In all, Vines had a bit of a breakout season, and in addition to moving him near the top 10 in the system his 2022 also earned him an important step to the major leagues. Vines was Rule 5 eligible going into the winter of 2022, and as a starter with Triple-A experience the Braves thought it necessary to protect him from the draft and added him to the 40 man roster. With two of Vines’s main competitors in spring training being Dylan Dodd and Jared Shuster — neither on the 40 man roster at the time — this would have been a major key for Vines had he stayed healthy. Instead both tried and failed to make it at the major league level and Vines didn’t throw a pitch in a game until June 30th. Vines ripped through his four rehab assignments with expected ease, and on July 27th finally made his first Triple-A start of the season. His five starts since have been inconsistent, but the more he has furthered himself from his shoulder injury the better he has performed. Vines’s command, a hallmark of his profile in prior seasons, was not there in early starts and he struggled with walks especially in his first two starts. In his most recent he has started to locate more like he has in the past, and it culminated with two strong starts in his last two outings. In an August 17th start against the Durham Bulls Vines set his season high with seven strikeouts and led all Triple-A starters with 24 whiffs. Unfortunately the problem with home runs was still present, and on two notable mistakes the Bulls were able to capitalize. His next outing on August 23rd Vines went seven innings for the first time this season, and again matched his prior outing with 24 whiffs in the game. Of note, he did not issue a walk or a home run in this outing. Thus with the schedules lining up and the leash on Shuster and Dodd ripped to shreds, Vines was given his first major league call up.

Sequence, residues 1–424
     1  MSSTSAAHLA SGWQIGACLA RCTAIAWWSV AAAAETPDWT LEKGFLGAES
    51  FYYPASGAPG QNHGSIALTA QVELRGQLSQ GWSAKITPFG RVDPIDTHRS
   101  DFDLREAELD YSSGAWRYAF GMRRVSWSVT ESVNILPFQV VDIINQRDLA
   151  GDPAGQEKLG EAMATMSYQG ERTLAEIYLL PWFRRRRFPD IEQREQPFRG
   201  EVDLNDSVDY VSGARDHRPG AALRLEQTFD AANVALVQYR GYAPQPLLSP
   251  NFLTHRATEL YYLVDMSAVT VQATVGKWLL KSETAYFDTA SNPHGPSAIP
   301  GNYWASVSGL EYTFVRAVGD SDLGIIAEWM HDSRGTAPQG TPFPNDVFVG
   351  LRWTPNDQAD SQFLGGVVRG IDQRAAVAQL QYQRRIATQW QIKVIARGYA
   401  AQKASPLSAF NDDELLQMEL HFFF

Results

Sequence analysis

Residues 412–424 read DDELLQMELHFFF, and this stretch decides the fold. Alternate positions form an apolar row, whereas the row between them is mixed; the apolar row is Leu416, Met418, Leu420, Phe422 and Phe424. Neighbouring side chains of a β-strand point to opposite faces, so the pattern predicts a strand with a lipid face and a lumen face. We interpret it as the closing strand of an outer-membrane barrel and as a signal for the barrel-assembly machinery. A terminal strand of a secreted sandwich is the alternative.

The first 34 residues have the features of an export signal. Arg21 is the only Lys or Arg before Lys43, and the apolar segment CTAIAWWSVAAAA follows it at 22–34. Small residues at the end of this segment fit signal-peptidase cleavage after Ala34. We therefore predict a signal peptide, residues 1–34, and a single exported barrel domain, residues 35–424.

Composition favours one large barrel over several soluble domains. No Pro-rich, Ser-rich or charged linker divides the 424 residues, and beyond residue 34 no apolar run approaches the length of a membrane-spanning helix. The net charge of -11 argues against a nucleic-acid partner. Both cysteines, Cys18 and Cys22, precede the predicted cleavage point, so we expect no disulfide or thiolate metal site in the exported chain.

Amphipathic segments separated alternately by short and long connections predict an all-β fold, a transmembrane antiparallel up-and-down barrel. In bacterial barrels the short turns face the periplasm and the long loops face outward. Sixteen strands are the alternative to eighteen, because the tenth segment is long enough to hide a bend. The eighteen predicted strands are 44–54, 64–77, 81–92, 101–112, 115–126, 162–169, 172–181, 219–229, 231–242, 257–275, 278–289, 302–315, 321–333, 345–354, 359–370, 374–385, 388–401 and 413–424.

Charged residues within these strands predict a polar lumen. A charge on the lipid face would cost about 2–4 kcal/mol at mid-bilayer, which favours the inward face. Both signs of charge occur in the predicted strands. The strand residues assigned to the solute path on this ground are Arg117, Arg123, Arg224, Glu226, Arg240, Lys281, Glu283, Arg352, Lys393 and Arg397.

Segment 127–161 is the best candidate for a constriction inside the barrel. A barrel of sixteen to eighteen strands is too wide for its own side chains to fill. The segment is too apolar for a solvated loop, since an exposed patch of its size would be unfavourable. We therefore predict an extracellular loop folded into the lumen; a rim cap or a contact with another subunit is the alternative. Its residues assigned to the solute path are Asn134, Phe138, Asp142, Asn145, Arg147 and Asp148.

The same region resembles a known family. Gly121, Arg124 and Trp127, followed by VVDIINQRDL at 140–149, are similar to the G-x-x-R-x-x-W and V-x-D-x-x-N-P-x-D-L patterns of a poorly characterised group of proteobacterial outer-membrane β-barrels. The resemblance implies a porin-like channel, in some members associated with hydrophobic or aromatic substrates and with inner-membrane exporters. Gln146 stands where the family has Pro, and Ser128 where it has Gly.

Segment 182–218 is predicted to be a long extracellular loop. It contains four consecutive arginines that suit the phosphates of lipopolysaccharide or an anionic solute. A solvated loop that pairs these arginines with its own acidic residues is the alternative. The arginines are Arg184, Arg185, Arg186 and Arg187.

It’s not entirely clear that Vines will even pitch at the major league level as he could just be insurance, but it seems likely that he will which could be a bit of a curse. Making your major league debut at Coors Field is less-than-ideal, but despite his home run troubles Vines may be suited for the environment. Vines’s main weakness is his fastball velocity, and there’s no getting around how big of an issue that has been for him. Vines averages less than 90 mph on his four seamer, and in his last start averaged just 88.7 mph as his velocity especially dipped late into games. Keep in mind, while Vines is a couple of months removed from his rehab assignment he still isn’t 100% and last start was limited to only 90 pitches. His fastball has a mediocre movement profile and thus is dependent nearly entirely on command, which Vines has done an increasingly better job of as he has built up. Vines has simply mechanics and plus athleticism, allowing him to locate his pitches at an above average to plus level. Vines avoids hard contact and gets reasonable swing and miss on his fastball because he is adept at keeping it out of the middle of the zone, preferring often to walk batters than to throw a pitch in the zone. However, everyone makes mistakes, and Vines’s get his hard. A poor command day can go south for Vines in a hurry, and even in seemingly strong starts he has a tendency to tire as he reached the sixth innings and later and lose command of his pitches. Managing that usage will be important to avoid the game unraveling on Vines.